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Perl Language Reference Manual
by Larry Wall and others
Paperback (6"x9"), 724 pages
ISBN 9781906966027
RRP £29.95 ($39.95)

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11.2.5 Assertions

Perl defines the following zero-width assertions:

\b  Match a word boundary
\B  Match except at a word boundary
\A  Match only at beginning of string
\Z  Match only at end of string, or before newline at the end
\z  Match only at end of string
\G  Match only at pos() (e.g. at the end-of-match position
    of prior m//g)

A word boundary (\b) is a spot between two characters that has a \w on one side of it and a \W on the other side of it (in either order), counting the imaginary characters off the beginning and end of the string as matching a \W. (Within character classes \b represents backspace rather than a word boundary, just as it normally does in any double-quoted string.) The \A and \Z are just like "^" and "$", except that they won't match multiple times when the /m modifier is used, while "^" and "$" will match at every internal line boundary. To match the actual end of the string and not ignore an optional trailing newline, use \z.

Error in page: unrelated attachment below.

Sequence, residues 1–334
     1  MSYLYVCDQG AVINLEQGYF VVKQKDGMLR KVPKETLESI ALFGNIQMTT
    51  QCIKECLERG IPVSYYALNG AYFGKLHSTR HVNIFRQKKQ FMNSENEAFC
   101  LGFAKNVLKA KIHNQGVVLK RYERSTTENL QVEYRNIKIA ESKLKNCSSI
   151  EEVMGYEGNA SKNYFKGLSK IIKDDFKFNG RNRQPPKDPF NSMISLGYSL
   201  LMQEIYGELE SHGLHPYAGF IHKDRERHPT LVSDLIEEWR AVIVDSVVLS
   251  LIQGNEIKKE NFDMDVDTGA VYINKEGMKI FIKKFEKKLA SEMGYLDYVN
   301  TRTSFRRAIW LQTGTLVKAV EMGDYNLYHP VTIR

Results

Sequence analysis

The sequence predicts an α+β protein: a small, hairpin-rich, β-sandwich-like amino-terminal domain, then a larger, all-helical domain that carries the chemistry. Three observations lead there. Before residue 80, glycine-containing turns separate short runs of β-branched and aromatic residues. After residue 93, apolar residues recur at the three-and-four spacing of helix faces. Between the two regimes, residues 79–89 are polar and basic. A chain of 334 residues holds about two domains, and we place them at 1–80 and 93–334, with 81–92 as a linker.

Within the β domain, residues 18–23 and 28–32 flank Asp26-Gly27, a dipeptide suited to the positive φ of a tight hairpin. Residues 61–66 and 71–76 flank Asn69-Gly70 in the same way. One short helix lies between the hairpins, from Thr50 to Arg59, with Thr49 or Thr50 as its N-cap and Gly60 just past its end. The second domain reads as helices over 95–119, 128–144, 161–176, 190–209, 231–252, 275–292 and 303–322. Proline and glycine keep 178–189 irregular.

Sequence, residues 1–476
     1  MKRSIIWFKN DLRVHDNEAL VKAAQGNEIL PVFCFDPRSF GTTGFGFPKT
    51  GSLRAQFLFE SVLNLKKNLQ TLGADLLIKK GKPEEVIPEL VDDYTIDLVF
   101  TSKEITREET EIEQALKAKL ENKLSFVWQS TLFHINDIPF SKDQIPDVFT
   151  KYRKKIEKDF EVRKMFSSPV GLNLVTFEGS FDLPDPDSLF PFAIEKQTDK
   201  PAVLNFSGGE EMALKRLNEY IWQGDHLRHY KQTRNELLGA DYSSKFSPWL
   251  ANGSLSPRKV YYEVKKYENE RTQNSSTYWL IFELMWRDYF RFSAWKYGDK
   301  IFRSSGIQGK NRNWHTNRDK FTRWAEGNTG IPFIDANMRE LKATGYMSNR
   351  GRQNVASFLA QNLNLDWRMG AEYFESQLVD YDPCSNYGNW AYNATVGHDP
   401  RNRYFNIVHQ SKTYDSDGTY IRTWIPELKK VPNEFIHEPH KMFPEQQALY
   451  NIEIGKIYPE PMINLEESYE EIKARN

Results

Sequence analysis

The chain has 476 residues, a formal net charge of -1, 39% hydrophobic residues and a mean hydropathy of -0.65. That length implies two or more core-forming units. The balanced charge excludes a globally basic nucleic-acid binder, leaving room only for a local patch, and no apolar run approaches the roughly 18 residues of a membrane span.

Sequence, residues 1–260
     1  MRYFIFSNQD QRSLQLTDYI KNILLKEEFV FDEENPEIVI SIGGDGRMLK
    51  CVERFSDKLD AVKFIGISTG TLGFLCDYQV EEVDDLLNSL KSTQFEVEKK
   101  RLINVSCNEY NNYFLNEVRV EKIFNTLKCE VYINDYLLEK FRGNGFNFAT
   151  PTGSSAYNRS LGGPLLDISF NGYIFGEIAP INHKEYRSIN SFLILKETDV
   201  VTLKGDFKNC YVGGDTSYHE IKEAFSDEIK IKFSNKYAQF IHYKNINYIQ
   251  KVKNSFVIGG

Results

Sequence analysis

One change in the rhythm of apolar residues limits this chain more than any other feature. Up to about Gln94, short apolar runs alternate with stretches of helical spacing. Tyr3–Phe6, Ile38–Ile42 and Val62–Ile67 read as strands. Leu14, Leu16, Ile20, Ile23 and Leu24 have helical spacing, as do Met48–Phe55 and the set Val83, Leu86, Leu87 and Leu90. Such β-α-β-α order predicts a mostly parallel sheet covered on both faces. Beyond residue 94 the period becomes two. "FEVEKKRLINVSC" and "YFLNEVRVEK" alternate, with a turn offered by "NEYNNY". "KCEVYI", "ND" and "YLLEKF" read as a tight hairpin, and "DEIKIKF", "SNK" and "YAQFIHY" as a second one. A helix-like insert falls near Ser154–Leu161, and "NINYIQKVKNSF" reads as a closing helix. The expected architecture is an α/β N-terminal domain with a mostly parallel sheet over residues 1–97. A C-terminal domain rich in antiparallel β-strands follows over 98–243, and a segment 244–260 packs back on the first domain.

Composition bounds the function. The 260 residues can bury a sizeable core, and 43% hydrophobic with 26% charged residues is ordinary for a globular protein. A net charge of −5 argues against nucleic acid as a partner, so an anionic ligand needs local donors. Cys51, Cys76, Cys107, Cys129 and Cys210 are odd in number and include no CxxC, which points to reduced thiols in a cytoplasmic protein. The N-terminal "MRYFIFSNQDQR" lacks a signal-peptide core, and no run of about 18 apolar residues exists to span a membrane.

The \G assertion can be used to chain global matches (using m//g), as described in 7.30. It is also useful when writing lex-like scanners, when you have several patterns that you want to match against consequent substrings of your string, see the previous reference. The actual location where \G will match can also be influenced by using pos() as an lvalue: see . Note that the rule for zero-length matches is modified somewhat, in that contents to the left of \G is not counted when determining the length of the match. Thus the following will not match forever:

$str = 'ABC';
pos($str) = 1;
while (/.\G/g) {
    print $&;
}

It will print 'A' and then terminate, as it considers the match to be zero-width, and thus will not match at the same position twice in a row.

It is worth noting that \G improperly used can result in an infinite loop. Take care when using patterns that include \G in an alternation.

ISBN 9781906966027Perl Language Reference ManualSee the print edition